Often, in my writing, I repeat some variation of this:
All things in life arise and subside; everything is a wave that rushes forward and pulls back.
It’s a declaration of unattachment that yields happiness, beauty, and much more for me. It’ll do that for you too, if you plant it in your inner garden.
It starts by transforming our reactions. For those situations or beings we might consider negative, it invokes patience to wait for their vanishing. For those we might consider positive, it reminds us against clinging and hoping for permanence.
This moderation of reaction leads us directly into the beauty of life. The singing of the bird is only the single note you hear in a given moment – there is no song for you unless you bring a fullness of awareness to the single note. Being able to experience the single bird note arising transports the entire song into your heart.
Beyond that, understanding of the arising and subsiding is also a constant healing.
When pain arises and we begin to resist it, our thoughts begin their wheeling – “When will this pain end? I have suffered this for so very long.” From the understanding of impermanence, the gentle whisper of mind back to mind replies – “This pain never before existed and cannot continue, for there is no such timeline.” And with that, the wheel subsides and the pain becomes merely an awareness. The perception of pain is no different in measure than awareness of breath, awareness of the light filtering through the trees, no different than the caress of the wind on one’s cheek. It comes, and we can peacefully sit with it, and it goes, and we can bid it farewell with equal equanimity.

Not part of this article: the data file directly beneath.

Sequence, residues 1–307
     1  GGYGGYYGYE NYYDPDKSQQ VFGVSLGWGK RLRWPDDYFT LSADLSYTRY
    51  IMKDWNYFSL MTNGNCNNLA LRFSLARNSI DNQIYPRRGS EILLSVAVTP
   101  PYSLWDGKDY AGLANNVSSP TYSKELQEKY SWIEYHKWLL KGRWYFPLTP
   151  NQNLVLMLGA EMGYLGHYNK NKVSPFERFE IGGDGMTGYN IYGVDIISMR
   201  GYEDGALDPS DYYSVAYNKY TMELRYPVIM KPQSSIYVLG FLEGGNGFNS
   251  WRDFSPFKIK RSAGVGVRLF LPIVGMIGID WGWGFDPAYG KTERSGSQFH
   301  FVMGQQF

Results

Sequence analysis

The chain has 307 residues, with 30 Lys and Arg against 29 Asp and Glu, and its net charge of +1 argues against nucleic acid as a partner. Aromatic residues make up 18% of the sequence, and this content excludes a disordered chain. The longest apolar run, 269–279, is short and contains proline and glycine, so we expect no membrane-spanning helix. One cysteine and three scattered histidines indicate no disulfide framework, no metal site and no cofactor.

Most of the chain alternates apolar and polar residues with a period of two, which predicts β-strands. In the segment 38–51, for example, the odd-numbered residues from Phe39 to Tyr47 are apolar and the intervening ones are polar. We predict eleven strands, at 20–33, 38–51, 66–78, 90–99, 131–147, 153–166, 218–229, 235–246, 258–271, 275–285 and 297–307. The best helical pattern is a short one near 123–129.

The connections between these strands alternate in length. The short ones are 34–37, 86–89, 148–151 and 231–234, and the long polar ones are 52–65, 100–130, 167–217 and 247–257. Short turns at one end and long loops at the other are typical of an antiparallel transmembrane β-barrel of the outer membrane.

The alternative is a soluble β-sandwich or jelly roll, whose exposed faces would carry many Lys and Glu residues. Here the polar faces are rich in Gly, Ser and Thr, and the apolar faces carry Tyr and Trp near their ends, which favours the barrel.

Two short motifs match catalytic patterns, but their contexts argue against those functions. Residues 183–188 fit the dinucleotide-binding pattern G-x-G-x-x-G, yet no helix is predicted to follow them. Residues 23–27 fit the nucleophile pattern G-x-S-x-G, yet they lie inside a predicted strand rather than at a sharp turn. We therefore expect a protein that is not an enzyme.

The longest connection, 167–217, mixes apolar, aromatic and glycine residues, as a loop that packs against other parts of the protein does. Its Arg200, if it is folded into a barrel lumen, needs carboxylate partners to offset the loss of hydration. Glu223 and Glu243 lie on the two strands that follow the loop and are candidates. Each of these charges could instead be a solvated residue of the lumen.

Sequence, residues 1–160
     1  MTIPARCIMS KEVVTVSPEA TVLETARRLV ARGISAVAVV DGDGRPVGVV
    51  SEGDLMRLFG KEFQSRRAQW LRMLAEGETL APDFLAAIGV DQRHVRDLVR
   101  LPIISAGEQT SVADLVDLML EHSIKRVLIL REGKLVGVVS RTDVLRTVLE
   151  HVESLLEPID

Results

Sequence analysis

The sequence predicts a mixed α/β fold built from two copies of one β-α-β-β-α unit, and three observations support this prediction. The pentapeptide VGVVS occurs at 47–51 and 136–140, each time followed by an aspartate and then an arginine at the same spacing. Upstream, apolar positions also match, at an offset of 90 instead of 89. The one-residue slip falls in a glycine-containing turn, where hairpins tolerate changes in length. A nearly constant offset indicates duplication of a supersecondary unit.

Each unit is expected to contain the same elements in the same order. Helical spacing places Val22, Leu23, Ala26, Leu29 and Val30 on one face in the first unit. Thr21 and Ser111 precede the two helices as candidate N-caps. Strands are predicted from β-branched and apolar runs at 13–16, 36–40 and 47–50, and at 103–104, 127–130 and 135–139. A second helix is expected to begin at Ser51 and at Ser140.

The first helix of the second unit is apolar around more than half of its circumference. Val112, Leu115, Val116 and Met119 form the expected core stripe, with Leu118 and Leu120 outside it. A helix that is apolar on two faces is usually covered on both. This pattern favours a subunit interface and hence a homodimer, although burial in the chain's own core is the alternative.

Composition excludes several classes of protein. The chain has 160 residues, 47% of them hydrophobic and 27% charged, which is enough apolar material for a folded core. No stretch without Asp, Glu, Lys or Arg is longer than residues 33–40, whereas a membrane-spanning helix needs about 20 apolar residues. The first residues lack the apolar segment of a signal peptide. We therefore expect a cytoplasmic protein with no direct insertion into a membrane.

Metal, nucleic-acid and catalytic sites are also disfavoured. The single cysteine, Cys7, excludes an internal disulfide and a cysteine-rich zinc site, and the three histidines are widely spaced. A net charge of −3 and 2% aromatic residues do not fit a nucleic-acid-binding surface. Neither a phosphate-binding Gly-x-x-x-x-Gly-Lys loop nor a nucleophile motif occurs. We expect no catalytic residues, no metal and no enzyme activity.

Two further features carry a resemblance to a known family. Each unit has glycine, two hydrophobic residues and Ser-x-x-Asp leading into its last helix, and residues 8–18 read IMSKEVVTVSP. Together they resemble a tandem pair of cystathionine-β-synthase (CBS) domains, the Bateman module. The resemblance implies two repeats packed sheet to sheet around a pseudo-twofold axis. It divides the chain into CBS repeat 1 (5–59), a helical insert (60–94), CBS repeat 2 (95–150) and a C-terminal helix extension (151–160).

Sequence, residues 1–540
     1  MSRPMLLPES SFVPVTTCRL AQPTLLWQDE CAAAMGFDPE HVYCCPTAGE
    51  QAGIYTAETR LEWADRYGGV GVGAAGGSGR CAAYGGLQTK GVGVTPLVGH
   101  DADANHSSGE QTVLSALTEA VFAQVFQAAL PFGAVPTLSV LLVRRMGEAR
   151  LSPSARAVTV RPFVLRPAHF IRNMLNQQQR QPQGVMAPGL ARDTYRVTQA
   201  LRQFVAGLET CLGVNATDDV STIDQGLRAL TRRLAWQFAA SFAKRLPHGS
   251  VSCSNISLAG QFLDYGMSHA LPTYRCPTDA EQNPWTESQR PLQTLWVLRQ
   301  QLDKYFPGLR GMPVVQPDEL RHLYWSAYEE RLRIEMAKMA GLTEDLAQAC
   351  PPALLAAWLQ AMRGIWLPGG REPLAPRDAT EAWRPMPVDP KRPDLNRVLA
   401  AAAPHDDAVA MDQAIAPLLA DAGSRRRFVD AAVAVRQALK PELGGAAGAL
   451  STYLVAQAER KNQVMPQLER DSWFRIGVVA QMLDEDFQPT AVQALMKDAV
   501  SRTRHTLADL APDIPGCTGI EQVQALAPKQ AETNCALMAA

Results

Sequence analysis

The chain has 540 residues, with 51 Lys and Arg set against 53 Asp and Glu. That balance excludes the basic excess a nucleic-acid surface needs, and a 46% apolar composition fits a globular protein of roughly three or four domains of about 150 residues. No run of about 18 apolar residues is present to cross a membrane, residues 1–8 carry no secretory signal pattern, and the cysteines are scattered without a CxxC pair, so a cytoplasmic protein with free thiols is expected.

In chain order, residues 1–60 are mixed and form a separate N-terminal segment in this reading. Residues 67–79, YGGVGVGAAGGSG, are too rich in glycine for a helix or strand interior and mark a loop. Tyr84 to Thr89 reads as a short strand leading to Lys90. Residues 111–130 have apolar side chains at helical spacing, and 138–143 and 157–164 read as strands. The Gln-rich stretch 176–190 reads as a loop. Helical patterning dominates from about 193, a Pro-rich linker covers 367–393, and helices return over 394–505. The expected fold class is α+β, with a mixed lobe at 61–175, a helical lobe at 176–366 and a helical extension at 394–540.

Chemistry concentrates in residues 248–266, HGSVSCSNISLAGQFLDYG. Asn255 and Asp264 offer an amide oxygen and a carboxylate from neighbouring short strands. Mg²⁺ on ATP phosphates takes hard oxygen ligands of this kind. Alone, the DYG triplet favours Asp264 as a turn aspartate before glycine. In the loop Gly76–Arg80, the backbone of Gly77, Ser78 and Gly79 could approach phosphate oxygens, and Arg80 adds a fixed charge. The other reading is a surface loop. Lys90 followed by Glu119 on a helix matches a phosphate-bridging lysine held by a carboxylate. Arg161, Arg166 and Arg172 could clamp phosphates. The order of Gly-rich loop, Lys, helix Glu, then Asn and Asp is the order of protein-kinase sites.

When loss arises and we begin to resist it, the mental refrain begins – “How much must I lose? Will I never find permanent happiness?” Faith replies “Ah, but there is nothing to be held or lost – the form has shifted, that is all, love does not cease to exist.” The wheel subsides again and loss becomes a process of grieving – missing that which is no longer to be perceived by sense, honoring those who are no longer with us. Grieving is no different in process than recovery from addiction, recovery from a physical injury, and the struggle to create a change in one’s life or world. Arising, we take the next step before us; subsiding, we fully experience the transformations of self as our form changes.
The arising and subsiding is peacefulness and patience, it’s faith and constancy, it’s healing and beauty – because it’s you in all of your various manifestations, dear heart, just as are the things you might be seeking flight from. We subside in confusion and arise in single-mindedness, we subside in anger and arise in peace, we end one song and start another.
Each moment, each day, each year, each life is a wheel of arising and subsiding. Had you been watching, you would have witnessed your form dying and being born again innumerable times as you read this.
Freedom from the desire for permanent form is nothing less than the perception of grace.